Background: The basophil activation test has been investigated for diagnosing hypersensitivity to non-steroidal
anti-inflammatory drugs (NSAIDs). This has not yet been done in relation to indomethacin.
Objective: First seek to establish the viable concentrations of indomethacin and the diluent propylene glycol (PPG) in
relation to basophils then test this in patients with hypersensitivity to NSAIDs.
Materials & Methods: The ideal concentrations of PPG and indomethacin were assessed by incubating them with
basophils from an atopic donor and evaluating the intensity of expression of CD63 molecules by means of flow
cytometry. We also evaluated the cell viability directly using the trypan blue in seven controls. Then indomethacin was
tested in ten patients with hypersensitivity to NSAIDs compared with eight persons in control group.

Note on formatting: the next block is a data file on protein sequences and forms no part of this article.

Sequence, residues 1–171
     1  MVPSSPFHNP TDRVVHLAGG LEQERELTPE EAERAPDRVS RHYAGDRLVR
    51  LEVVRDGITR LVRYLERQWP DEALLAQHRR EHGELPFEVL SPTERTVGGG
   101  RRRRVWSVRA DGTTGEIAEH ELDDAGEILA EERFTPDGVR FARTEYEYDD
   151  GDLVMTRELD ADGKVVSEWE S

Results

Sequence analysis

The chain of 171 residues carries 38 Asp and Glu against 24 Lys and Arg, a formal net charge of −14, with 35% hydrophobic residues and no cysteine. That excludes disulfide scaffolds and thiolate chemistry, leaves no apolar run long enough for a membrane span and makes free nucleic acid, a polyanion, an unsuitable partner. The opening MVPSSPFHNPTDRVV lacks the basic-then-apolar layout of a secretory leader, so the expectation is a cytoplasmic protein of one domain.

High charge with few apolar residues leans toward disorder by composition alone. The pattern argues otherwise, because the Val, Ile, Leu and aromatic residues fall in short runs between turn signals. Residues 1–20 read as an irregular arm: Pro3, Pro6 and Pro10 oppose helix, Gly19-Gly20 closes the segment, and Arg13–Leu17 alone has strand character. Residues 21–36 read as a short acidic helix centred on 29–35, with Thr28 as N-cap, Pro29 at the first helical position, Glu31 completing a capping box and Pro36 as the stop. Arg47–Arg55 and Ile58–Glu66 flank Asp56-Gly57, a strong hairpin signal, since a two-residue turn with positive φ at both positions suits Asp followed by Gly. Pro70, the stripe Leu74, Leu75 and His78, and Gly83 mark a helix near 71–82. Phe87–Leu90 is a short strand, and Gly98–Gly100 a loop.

Results: In relation to the toxicity of propylene glycol, concentrations less than or equal to 0.5% are safe. There was no
cytotoxicity or nonspecific stimulation from using indomethacin at concentrations of 10 mcg/mL, 1 mcg/mL and 0.1
mcg/mL. Then indomethacin was tested at concentration of 10 mcg/mL diluted in 0.5% propylene glycol in both groups.
There was no statistical difference in the intensity of activation of basophils comparing the group of patients with
hypersensitivity to NSAIDs and the control group.
Conclusions: As a diluent for indomethacin, PPG should be used at concentrations less than or equal to 0.5%. The
indomethacin at concentration of 10 mcg/mL was not able to differentiate patients with and without hypersensitivity to